A number of politicians who met at the home of parliament speaker Nabih Berri have issued a statement saying "no politician has the right to overstep the red lines that consolidate national unity."

The statement invited the Lebanese opposition, with all its factions, to an unconditional and open dialogue to tackle the ramifications of the assassination of former Prime Minister Rafiq Hariri.

Doors closed?

In response to the government supporters' accusations, opposition member Dr Faris Said said it was the government loyalists who had always refused to talk.

"It was not the opposition that has closed the 'doors of dialogue' for the last 15 years.

Nasr Allah warned against
popular agitation

"Why did the government not offer an initiative prior to the assassination of the late al-Hariri and after the assassination attempt against former minister Marwan Hamadah?

"This government has been offering tactic support for those carrying out assassination operations against Lebanese figures and then it comes to say that the opposition has closed the doors of dialogue?

"No dialogue at the same time as car bombs attacks and I think that the first sign of a dialogue in Lebanon will be to uncover those behind the crime of assassinating al-Hariri", he added.

Nasr Allah warns

Hizb Allah leader Hasan Nasr Allah warned on Saturday that popular agitation against Syria's presence in Lebanon could plunge the country back into civil war.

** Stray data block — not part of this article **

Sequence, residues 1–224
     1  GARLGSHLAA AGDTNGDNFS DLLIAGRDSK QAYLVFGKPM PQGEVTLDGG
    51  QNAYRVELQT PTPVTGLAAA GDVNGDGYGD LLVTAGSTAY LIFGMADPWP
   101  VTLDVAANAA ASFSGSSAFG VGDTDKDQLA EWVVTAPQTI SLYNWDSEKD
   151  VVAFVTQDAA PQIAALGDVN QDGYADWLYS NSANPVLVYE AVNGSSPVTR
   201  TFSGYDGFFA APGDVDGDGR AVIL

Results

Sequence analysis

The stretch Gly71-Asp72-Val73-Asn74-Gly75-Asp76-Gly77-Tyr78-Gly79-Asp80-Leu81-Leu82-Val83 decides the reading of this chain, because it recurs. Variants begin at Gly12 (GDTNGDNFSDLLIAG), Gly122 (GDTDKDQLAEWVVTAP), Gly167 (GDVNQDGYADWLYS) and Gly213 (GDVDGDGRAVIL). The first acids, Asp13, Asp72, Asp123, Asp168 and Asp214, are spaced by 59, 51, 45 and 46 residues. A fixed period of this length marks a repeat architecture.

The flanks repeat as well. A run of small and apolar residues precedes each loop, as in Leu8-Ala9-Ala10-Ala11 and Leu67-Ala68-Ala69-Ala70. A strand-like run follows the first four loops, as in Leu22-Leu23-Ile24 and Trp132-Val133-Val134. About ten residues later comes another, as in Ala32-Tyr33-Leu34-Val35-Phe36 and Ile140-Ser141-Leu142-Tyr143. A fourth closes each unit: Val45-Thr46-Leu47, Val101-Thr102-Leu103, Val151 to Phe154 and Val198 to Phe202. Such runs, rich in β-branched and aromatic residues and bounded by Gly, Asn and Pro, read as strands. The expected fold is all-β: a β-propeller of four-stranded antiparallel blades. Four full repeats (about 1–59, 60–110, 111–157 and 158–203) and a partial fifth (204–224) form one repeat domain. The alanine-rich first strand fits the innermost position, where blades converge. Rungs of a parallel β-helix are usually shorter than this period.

America and France are to
coordinate positions on Lebanon

“God forbid, if the roof collapses, it collapses on all of us," Nasrallah told at least 100,000 Shia Muslims gathered for Ashura, one of the holiest days in the Shia calendar.

"Today we are responsible for a nation that came out of the civil war ... but we face acute problems, especially this year and in the past few months," Nasr Allah said.

"As Lebanese, we have no choice for remedying our crises and problems except to discuss and meet, even if we are angry and tense," he said. "We must not repeat the mistakes of the past."  

International probe concerns

Meanwhile a Lebanese minister said he welcomes UN help but has expressed concern over an international investigation regarding Monday's assassination of former prime minister Rafiq al-Hariri.

Speaking to Aljazeera from Beirut, Minister of State Karam Karam said the Lebanese authorities were determined to bring the perpetrators to book and welcomed any assistance from international experts.

The opposition demand a fair
probe into the killing of Hariri

But he added that he could not speak on behalf of the Lebanese state.

Karam said an international investigation would send the wrong signals.

"An international investigation is very different from sending international experts. An international investigation means the international community or any other country does not trust the Lebanese state and its judicial authorities," he said.


Karam told Aljazeera: "Lebanon is more than capable of conducting this [investigation] and had announced its willingness to accept the assistance of international experts the minute al-Hariri was assassinated."

 

UN team

Karam was responding to an announcement on Friday by the UN to send a team led by Ireland's deputy police commissioner to Beirut within a few days to investigate al-Hariri's assassination.

UN Secretary-General Kofi Annan
sent a team to investigate